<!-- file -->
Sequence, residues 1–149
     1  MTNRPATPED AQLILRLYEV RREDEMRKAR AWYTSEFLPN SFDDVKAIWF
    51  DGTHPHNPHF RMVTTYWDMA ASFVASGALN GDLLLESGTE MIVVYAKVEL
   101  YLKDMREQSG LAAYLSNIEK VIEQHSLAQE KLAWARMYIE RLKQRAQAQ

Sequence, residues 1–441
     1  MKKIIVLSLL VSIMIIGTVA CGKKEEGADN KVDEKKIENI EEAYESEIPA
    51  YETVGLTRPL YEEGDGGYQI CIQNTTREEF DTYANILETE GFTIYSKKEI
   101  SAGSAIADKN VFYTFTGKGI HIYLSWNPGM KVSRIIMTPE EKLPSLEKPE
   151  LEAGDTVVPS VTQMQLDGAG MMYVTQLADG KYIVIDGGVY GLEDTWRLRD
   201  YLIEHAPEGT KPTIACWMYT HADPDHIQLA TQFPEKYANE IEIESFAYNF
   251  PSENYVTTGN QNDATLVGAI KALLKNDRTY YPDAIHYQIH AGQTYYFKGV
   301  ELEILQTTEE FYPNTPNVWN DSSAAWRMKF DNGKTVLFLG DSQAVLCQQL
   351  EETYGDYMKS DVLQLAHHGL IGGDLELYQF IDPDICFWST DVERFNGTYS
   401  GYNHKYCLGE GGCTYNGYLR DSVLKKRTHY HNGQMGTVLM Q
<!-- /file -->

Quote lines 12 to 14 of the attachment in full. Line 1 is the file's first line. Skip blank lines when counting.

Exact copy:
   301  ELEILQTTEE FYPNTPNVWN DSSAAWRMKF DNGKTVLFLG DSQAVLCQQL
   351  EETYGDYMKS DVLQLAHHGL IGGDLELYQF IDPDICFWST DVERFNGTYS
   401  GYNHKYCLGE GGCTYNGYLR DSVLKKRTHY HNGQMGTVLM Q